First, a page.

Using chemicals with very low or high pH can damage tiles made of natural stone. Avoid using liquids like vinegar or bleach since they can cause discolouration or ruin the finish. Instead, use a cleaning solution of plain water with a few drops of mild detergent.
Start cleaning stone tile grout by vacuuming any visible dust and dirt. Mop the floor with your cleaning solution, then follow with a clean damp cloth or mop. Use a non-abrasive mop and cloth to avoid scratching the stone surface.
Dry the floor and grout with a clean microfibre cloth, then let it air dry the rest of the way.
Cleaning Porcelain Tile Grout
Ceramic and porcelain floors are durable and easy to maintain. Like with stone floors, start cleaning the grout by vacuuming the dust and dirt on the surface. Again, mop the floors with a mixture of detergent and water.
Remove the soapy residue by wiping the grout clean with a clean, damp mop or cloth. Let the tiles air dry.
Cleaning Grout Without Scrubbing
Yep, you can! With some nifty cleaning agents and a handy steam mop, you can say bye-bye to elbow grease.
- Mix a half and half solution of hydrogen peroxide and baking soda in a bowl.
- Transfer the solution into a spray bottle using a funnel.
- Spray the solution onto the grout.
- Let the solution sit for 15 minutes.
- Lightly brush the scum off with an old toothbrush or a damp cloth.
- Go over the tile floor with a regular, damp mop.
- Work a steam mop over the cleaned grout lines.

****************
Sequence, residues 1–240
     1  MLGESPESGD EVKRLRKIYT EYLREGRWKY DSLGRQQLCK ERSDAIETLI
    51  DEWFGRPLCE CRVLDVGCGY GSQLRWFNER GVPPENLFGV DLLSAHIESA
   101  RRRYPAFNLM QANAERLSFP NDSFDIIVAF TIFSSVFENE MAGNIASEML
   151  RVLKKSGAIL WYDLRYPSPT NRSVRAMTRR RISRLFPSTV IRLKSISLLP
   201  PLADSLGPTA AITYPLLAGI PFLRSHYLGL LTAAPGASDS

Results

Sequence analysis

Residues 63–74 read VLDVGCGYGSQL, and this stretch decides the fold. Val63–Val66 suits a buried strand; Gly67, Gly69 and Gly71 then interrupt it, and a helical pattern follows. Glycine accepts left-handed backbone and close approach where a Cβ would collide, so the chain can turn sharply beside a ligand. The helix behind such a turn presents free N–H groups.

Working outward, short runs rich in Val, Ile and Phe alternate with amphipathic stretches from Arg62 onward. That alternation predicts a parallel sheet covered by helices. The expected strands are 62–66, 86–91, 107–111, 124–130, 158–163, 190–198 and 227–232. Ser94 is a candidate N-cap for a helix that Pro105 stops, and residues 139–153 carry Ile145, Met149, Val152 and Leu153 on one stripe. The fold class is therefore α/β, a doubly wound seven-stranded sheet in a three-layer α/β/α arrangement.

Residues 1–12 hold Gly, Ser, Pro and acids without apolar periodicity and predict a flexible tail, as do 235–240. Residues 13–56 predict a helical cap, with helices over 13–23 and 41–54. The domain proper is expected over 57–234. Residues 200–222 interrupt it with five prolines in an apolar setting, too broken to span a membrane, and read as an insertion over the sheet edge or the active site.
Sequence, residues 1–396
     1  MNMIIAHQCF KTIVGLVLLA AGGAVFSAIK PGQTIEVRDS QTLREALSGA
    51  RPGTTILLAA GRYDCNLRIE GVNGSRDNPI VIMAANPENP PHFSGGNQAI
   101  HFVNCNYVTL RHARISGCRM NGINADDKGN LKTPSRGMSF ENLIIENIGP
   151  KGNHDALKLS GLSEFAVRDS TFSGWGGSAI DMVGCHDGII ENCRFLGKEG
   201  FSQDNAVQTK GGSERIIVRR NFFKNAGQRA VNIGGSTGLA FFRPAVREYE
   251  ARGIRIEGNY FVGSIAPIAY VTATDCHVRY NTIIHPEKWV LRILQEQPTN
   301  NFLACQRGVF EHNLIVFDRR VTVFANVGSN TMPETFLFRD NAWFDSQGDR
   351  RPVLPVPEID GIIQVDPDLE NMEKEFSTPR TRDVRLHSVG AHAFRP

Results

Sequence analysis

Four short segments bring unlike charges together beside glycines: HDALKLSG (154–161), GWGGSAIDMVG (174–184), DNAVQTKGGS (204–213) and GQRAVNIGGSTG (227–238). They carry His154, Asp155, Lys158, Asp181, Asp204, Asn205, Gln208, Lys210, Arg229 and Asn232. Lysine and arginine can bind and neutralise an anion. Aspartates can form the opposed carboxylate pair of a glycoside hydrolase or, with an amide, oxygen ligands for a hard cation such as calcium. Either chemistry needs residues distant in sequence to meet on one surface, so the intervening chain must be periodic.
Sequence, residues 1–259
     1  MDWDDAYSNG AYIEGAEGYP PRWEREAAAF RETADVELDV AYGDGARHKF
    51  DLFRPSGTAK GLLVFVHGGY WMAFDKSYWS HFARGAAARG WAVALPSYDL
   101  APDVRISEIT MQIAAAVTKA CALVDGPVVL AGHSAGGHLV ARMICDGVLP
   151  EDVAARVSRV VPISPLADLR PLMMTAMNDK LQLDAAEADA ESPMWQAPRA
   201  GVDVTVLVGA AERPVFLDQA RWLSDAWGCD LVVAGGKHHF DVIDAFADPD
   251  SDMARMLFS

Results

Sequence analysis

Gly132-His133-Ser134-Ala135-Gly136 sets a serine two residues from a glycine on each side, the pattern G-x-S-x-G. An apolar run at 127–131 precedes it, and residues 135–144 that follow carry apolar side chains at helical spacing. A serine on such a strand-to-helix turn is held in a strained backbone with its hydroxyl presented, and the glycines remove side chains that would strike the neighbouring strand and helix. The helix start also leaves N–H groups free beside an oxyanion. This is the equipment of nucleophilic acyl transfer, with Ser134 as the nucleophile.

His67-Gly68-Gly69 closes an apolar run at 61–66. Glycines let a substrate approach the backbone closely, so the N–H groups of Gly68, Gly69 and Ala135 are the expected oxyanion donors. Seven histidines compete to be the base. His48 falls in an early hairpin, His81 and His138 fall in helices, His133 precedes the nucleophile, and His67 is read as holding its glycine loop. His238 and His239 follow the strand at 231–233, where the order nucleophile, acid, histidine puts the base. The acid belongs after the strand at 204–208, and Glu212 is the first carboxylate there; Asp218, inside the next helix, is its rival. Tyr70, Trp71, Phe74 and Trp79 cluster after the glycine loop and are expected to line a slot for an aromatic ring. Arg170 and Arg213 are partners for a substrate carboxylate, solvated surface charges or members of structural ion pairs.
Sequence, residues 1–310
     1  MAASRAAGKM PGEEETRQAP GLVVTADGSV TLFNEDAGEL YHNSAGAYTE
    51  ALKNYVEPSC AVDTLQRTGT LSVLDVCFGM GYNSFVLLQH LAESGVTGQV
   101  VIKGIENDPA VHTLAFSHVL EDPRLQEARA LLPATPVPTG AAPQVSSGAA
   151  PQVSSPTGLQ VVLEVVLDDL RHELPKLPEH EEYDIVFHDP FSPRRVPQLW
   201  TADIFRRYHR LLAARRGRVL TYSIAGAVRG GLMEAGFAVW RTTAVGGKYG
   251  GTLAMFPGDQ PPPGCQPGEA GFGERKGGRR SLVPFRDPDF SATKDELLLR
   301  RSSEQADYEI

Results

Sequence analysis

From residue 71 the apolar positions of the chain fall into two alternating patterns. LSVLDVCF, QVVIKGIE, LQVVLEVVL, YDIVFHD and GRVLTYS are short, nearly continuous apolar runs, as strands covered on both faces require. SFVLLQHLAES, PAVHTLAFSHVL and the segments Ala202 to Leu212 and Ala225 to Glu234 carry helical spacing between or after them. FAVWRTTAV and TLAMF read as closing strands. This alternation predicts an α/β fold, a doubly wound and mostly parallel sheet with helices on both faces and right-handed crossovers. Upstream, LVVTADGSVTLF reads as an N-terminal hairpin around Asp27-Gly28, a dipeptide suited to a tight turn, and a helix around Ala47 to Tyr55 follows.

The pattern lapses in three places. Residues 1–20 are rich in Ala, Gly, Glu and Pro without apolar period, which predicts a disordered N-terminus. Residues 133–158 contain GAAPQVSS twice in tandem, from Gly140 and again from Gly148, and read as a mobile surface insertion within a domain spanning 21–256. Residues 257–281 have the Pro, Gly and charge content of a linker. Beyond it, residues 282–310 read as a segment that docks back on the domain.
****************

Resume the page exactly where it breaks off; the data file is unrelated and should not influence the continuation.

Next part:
- Once the grout is fully dry, apply a grout sealer.
Cleaning Grout Naturally
When it comes to porcelain and ceramic tiles, some stains may be more stubborn than others. Still, they’re not impossible to remove! Even better, the ingredients are right in your kitchen.
This is especially useful when cleaning your bathroom floor (and don’t forget to clean the rest of your bathroom fixtures too).
- Vacuum the dust and dirt off, then mop your floor.
- Mix a half and half solution of water and white vinegar.
- Spray onto any stains and let it sit for 1 minute.
- Sprinkle baking soda generously onto the tile grout.
- Use a nylon brush or old toothbrush, then scrub in a circular motion.
- Make sure you catch even the corners and crevices.
- Rinse again with the water and vinegar solution.
- Wipe the surface dry with a clean cloth.
- Let the floor air dry the rest of the way.
Protect Tile Grout
They say an ounce of prevention is worth a pound of cure. This simple routine takes less than 10 minutes and will save you heaps of cleanup time in the future.
- Dip a piece of cotton ball in rubbing alcohol, then swab it on your tile grout to protect it from mould growth.
- Do a weekly preventive treatment by spraying vinegar on your tile grout, then wiping with a clean microfibre cloth after spraying.
- It’s important to seal grout to keep it protected. Use a grout sealer when your tile grout is 100% dry after cleaning so no moisture seeps in. Do this after new tile installations, and re-apply twice a year.
Grout Cleaning Tips
Are you afraid you’re missing (gr)out on some tips? Here are some grout cleaning secrets from an expert!
Choose how to clean shower grout depending on the severity of the stain. If you can get away with using plain bicarb soda and vinegar, stick with it.
Use bleach only if necessary. This is for very stubborn stains that need instant whitening. Apply a few drops onto the stained grout lines and watch the magic happen – no scrubbing necessary. Just remember to use protective equipment, then rinse with water afterwards.
Sometimes we run out of cleaning power, or deep cleaning grout is simply beyond us. That’s the time to call a house cleaning company to take over the job! Leave your home in the hands of the experts and they’ll have your grout lines looking good as new. Then you can show off your clean floors to guests, real estate agents, even landlords – without having to put in the elbow grease.
Now you know how to clean grout. Go have a grout time (get it?) and show off your clean white tiles – or whatever colour you own – with matching clean grout lines.